Wi-Fi or Mobile? That Is Still the Question
Consumers increasingly rely on and prefer Wi-Fi for connecting their mobile devices to the Internet. As Figure 2 shows, most mobile users connect their devices using Wi-Fi at some point during a typical week, including 80 percent of smartphone owners. This is a significant increase in smartphone Wi-Fi connections, from 70 percent in 2012. Close to 80 percent of tablets, laptops, and eReaders are connecting exclusively through Wi-Fi.
Although 20 percent of smartphone owners connect only through the mobile network, the remaining 80 percent are supplementing mobile connectivity with Wi-Fi. In fact, the average smartphone user uses Wi-Fi 44 percent of the time to connect a device to the Internet. This is a remarkable increase from just one year ago, when one-third of the total smartphone data usage was through a Wi-Fi connection, rather than a mobile network.
Figure 2. Distribution of Network Connectivity Time by Device
Voice calls are obviously still made over a cellular mobile connection; however, that is not the case for other communication applications. Thirty-seven percent of mobile users are using Wi-Fi exclusively to connect their devices for emails, and 79 percent are using Wi-Fi at least 50 percent of the time. Consumers making VoIP or video calls use Wi-Fi exclusively just over half the time, and over 80 percent of respondents use it at least 50 percent of the time. The bias for Wi-Fi connectivity is even more pronounced for noncommunication mobile applications. Consumers connect their mobile devices one-third of the time exclusively to Wi-Fi to browse the web or use social media, and just over 80 percent of them use it at least 50 percent of the time. Fifty-seven percent of users download or stream music or video exclusively over Wi-Fi, and 86 percent of them connect over Wi-Fi at least 50 percent of the time.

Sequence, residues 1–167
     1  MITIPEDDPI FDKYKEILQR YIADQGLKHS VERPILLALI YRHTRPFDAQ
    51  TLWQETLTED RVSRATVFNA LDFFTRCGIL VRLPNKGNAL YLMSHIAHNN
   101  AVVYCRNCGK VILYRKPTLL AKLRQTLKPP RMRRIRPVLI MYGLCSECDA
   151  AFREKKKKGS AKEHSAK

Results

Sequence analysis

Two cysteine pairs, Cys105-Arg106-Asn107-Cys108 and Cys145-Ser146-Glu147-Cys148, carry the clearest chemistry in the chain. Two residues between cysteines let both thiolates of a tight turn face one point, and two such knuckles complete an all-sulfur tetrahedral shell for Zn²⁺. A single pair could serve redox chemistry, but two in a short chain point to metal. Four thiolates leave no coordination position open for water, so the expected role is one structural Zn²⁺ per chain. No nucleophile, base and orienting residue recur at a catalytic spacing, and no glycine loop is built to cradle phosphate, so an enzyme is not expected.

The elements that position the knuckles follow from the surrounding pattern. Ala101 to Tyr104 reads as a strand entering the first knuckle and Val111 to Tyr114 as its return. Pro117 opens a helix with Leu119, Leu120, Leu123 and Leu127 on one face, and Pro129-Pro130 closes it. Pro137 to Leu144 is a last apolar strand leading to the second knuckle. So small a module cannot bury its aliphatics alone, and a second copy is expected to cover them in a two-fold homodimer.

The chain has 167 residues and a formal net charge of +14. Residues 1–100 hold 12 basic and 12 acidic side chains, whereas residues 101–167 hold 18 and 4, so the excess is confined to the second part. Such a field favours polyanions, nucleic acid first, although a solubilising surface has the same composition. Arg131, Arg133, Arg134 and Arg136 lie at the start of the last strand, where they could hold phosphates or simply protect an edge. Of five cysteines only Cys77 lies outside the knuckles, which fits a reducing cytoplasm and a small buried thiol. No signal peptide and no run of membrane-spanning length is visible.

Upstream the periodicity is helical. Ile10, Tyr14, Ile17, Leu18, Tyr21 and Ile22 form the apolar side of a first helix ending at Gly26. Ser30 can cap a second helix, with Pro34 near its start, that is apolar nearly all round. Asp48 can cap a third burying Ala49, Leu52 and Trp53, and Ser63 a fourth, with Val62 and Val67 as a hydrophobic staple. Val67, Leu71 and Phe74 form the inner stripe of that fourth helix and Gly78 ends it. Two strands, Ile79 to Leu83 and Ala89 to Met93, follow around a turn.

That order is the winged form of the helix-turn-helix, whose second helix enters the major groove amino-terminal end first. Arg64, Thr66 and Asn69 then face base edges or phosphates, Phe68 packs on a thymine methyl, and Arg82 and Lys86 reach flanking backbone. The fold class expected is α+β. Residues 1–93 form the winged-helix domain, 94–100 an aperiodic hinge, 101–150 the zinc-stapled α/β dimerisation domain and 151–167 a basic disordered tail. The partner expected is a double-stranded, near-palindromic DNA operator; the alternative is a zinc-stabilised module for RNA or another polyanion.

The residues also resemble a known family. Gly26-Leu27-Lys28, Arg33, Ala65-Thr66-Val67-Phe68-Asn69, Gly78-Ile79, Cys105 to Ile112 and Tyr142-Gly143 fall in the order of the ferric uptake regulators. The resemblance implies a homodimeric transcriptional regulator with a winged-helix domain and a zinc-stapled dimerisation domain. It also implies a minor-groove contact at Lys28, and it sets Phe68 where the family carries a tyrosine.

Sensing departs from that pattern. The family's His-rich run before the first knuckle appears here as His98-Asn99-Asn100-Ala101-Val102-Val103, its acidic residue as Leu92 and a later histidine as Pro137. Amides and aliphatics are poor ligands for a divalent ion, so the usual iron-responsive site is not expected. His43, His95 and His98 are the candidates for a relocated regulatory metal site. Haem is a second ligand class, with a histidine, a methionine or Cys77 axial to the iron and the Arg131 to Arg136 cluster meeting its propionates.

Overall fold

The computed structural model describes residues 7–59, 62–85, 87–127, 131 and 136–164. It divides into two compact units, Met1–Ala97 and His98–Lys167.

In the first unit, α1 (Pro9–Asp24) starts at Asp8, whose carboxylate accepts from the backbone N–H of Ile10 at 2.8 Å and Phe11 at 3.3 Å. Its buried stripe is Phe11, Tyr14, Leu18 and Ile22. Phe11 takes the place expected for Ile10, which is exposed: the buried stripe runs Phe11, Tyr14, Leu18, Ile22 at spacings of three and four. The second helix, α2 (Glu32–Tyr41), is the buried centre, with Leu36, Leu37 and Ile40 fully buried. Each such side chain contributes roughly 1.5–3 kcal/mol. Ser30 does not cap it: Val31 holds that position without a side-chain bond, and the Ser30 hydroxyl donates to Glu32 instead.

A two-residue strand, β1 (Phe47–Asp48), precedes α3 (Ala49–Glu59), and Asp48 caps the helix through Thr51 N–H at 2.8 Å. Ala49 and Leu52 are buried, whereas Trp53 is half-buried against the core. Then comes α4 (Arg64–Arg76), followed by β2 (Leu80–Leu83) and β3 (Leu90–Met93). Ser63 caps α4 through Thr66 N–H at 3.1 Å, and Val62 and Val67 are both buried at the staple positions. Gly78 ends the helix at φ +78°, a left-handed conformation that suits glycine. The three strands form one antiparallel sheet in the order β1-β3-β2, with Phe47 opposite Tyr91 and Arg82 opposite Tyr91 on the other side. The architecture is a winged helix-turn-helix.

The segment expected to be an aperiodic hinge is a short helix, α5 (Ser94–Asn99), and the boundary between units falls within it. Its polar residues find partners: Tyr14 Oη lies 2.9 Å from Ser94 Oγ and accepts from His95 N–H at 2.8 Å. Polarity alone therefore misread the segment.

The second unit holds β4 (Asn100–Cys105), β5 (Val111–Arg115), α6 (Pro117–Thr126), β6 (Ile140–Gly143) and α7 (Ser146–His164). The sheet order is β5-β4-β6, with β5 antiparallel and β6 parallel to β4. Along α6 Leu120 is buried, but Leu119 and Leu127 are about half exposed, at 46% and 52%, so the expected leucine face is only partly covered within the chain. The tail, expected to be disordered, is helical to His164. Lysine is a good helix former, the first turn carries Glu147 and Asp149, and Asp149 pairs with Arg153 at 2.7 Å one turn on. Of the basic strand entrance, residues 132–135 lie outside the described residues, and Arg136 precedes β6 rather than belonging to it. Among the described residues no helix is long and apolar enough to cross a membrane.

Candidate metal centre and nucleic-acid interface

Home Is Where the Device Is
Mobile usage has definitely shifted to the home in a big way, as can be seen in Figure 3. Almost all consumers use their mobile devices at home, averaging more than 3.8 hours of usage in atypical day, almost double the time they spend using them at work (Figure 4). Just under half of our respondents reported using their devices at work or school, where they typically spend an average of 2.8 hours per day connected to Wi-Fi. These daily usages have grown significantly since our 2012 survey, with 52 percent and 65 percent increases in the number of hours spent using Wi-Fi-connected mobile devices in the home and at work or school, respectively.
The "nomadic" use of mobile devices continues to evolve, as many people now use their mobile devices in "mobile stationary" locations. Thirty-five percent of mobile users connect their devices over hotel Wi-Fi for approximately 1.5 hours per day. Roughly four-tenths of consumers spend just under an hour per day using their Wi-Fi-connected mobile devices in a friend's home, restaurants and coffee shops, and other locations, such as libraries or doctor offices. In addition, 20 to 30 percent of users are connecting to Wi-Fi for 30 minutes or more daily in travel hubs, retail, event venues, and public outdoor locations.
Figure 3. Mobile Device Usage by Location
Figure 4. Daily Use of Wi-Fi in Different Locations*
Homes and the workplace are now virtually blanketed with Wi-Fi. As shown in Figure 5, nine out of ten American homes now have access to Wi-Fi. Sixty percent of full-time employees report having Wi-Fi in their workplace, and for knowledge-worker professions, the Wi-Fi workplace coverage expands to 70 percent of full-time employees.
Figure 5. Wi-Fi Availability
LTE and Wi-Fi: Friends or Foes?